I was cleaning up some JavaDocs yesterday in a large, multi-project code base. The process was getting tedious so I enlisted the help of my old friend GSR (global search and replace). Since I wanted to update java files, text documents and package HTML files, I opted to use
* as my wildcard rather than, say,
*.java, *.html, *.txt. Boy what a mistake that was.
Everything was going well but then my IDE (Eclipse in this case) starting throwing a fit. I was getting AST creation errors all over the place and it seemed as though the world was caving in. I attempted the old tried-and-true technique of software; I restarted the IDE. No go. Same errors.
I was near the point of panic when I took a look at the IDE’s log. The first thing I see is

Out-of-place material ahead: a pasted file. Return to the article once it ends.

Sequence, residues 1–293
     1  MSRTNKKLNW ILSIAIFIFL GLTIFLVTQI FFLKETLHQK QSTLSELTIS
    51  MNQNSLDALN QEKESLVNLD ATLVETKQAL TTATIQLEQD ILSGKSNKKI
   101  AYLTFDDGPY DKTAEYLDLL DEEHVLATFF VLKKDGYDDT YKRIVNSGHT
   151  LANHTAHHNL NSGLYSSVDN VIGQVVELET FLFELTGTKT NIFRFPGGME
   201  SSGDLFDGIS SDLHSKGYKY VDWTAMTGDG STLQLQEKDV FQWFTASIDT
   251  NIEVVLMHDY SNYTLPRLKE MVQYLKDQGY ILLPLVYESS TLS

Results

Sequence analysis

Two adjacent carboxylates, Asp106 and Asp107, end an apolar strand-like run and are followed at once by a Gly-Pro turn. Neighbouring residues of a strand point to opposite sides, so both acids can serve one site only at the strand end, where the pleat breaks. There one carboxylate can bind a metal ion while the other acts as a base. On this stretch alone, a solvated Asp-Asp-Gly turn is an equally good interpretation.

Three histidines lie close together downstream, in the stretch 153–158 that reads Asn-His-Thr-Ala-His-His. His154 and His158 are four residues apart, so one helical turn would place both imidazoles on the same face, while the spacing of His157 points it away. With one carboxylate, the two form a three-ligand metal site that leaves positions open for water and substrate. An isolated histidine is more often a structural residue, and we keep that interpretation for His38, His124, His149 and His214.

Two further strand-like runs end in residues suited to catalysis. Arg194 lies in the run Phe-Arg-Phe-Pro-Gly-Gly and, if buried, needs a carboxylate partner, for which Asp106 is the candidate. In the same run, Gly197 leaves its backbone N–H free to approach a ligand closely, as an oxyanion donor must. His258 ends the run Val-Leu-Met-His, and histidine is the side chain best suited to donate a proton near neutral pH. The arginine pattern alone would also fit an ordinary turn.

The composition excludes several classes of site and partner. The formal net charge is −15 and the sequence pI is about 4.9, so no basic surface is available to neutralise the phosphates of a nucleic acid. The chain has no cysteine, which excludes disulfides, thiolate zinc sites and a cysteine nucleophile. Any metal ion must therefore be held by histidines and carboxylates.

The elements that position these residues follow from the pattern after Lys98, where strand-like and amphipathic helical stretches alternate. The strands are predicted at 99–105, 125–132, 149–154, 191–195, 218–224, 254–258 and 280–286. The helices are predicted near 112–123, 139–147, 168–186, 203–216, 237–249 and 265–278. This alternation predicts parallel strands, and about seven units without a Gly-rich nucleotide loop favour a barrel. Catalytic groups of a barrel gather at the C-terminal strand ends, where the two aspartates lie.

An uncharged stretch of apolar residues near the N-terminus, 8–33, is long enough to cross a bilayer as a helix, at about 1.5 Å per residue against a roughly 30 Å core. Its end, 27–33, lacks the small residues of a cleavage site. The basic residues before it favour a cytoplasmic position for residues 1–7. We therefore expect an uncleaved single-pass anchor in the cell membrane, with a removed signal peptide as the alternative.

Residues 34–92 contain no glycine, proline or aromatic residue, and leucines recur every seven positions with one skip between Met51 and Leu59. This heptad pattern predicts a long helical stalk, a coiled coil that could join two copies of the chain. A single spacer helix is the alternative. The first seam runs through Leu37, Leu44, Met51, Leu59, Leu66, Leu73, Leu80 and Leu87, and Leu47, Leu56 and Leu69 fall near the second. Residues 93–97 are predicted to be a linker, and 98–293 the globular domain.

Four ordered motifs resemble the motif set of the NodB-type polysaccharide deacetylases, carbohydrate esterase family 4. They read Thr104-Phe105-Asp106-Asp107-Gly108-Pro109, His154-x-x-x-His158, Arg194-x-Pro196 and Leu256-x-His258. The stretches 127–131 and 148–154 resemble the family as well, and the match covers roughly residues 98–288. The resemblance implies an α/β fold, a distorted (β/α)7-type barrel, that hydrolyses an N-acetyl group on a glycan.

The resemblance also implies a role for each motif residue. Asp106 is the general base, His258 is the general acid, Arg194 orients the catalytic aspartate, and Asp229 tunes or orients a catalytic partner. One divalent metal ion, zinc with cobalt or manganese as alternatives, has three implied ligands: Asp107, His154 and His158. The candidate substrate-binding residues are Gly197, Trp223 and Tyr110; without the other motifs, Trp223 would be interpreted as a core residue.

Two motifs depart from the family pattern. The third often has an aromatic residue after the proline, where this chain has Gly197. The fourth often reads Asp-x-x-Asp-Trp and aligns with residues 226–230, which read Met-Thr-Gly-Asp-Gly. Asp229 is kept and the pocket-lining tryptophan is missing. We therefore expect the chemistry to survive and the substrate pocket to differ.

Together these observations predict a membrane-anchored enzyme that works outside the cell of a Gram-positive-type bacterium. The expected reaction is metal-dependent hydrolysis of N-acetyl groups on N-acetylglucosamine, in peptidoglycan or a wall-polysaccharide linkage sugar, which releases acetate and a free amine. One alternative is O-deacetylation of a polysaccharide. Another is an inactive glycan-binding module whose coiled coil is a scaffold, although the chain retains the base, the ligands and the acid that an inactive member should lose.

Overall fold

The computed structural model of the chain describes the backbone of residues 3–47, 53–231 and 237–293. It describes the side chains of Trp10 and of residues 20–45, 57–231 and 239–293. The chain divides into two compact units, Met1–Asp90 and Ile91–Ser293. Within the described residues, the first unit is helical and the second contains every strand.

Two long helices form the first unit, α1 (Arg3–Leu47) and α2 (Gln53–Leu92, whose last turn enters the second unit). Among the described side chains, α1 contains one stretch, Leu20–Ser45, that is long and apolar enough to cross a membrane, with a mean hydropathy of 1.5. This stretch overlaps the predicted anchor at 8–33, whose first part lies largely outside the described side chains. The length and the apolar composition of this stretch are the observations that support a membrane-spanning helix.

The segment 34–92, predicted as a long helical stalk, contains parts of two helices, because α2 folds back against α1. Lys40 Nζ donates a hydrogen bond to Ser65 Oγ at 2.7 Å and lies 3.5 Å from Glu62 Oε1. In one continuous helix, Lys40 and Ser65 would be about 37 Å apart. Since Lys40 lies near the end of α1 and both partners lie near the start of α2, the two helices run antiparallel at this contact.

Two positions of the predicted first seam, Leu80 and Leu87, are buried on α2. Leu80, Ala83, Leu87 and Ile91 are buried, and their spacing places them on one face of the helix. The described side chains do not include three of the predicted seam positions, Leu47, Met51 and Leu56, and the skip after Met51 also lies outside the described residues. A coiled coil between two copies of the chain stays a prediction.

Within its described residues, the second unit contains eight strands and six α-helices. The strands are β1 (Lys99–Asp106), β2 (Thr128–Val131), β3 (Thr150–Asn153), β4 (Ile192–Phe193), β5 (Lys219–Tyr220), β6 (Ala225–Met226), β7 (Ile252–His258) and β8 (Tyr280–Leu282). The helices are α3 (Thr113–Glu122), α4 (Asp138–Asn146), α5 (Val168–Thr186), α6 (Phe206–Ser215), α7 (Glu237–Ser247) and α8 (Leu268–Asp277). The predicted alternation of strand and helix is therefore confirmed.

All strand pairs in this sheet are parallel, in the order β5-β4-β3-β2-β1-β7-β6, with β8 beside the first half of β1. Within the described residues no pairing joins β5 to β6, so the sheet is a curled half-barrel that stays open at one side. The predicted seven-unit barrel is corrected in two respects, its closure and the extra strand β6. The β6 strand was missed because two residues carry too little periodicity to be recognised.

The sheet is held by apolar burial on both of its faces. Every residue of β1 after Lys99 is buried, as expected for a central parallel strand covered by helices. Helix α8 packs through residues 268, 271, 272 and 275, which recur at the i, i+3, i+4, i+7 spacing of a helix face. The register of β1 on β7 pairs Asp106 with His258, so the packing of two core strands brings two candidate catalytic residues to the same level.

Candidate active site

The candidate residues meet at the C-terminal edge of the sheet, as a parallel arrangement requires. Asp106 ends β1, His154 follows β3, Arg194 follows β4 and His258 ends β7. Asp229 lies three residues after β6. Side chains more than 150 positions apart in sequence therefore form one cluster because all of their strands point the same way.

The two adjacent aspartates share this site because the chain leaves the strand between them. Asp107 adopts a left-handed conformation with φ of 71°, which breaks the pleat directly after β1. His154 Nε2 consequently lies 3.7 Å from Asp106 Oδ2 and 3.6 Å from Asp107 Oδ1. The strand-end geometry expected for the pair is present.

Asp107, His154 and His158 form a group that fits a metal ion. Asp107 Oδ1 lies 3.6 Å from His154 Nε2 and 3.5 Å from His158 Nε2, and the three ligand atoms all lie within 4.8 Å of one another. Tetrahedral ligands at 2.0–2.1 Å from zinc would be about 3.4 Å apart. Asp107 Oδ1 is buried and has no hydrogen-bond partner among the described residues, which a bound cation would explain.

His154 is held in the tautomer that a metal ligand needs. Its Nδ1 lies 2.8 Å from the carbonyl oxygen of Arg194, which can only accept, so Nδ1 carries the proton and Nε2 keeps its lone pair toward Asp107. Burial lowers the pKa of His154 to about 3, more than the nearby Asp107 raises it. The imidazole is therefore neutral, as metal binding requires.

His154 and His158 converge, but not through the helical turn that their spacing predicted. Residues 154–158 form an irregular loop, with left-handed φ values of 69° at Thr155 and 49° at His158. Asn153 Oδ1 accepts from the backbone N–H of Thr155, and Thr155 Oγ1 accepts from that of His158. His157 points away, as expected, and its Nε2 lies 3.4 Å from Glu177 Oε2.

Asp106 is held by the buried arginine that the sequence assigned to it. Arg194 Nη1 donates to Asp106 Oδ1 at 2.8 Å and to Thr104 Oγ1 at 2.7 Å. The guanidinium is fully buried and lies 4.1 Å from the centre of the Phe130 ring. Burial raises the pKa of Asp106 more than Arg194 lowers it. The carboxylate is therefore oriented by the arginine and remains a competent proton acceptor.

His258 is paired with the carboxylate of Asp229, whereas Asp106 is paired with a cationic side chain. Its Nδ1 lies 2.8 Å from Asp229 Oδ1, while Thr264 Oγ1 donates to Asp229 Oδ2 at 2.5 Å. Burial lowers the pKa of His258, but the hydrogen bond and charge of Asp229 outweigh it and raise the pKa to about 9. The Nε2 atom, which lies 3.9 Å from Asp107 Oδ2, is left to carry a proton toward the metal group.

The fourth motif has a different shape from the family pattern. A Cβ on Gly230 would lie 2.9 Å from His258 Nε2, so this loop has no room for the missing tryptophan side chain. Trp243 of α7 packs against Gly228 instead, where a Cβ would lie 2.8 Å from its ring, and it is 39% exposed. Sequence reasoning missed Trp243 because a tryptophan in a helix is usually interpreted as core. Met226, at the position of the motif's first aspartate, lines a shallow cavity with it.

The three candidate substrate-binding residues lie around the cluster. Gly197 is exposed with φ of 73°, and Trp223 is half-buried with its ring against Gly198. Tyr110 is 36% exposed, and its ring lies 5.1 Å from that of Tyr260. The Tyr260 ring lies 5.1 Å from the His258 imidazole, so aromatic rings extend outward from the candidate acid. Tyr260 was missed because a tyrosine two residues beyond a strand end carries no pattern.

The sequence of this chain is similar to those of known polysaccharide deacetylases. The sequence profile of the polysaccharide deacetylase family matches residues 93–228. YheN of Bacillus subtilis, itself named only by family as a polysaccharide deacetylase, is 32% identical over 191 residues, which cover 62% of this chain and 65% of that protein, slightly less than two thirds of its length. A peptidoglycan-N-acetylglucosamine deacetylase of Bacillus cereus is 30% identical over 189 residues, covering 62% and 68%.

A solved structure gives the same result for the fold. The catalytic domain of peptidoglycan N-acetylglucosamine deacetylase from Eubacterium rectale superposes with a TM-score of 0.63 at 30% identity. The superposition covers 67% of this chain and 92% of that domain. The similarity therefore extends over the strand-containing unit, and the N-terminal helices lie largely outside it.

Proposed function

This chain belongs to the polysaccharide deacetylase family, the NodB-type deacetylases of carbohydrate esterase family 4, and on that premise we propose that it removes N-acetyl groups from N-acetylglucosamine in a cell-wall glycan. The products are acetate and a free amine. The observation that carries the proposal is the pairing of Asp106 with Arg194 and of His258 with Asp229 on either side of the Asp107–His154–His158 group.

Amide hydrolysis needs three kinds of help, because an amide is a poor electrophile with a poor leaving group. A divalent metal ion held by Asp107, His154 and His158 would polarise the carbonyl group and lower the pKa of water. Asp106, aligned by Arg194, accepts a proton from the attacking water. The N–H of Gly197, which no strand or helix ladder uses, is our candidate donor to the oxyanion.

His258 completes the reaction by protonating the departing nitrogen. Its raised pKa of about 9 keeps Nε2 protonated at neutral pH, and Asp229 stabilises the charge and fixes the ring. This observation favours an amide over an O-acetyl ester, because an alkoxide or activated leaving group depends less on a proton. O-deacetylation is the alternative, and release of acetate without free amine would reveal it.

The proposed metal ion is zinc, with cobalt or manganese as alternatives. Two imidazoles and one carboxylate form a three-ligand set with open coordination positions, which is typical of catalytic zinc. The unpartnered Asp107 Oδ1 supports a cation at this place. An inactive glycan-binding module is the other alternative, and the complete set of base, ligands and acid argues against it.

java.lang.InternalError and lots of them. Oh crap! I don’t even know what that is, but anything that starts with
java.lang and ends with
Error isn’t good. I scroll to the end of the exception line and see:
invalid LOC header (bad signature). Egad!
To make a painful story short, it turns out that the GSR was doing replacement in JARs as well as text files. This was corrupting the header and
java.util.zip.ZipFile was throwing exceptions to no end. After replacing the JAR files with fresh clean ones all was well.
I want to hand it to the Eclipse people for making the IDE tolerant to the stupidity of the average Joe out there doing his best to muck things up. Sure, I got errors up the wazoo but had I taken a moment to look at what they were really telling me I would have figured out the problem instantly.
Perhaps this should have been titled “When programmers are too smart for their own good!”.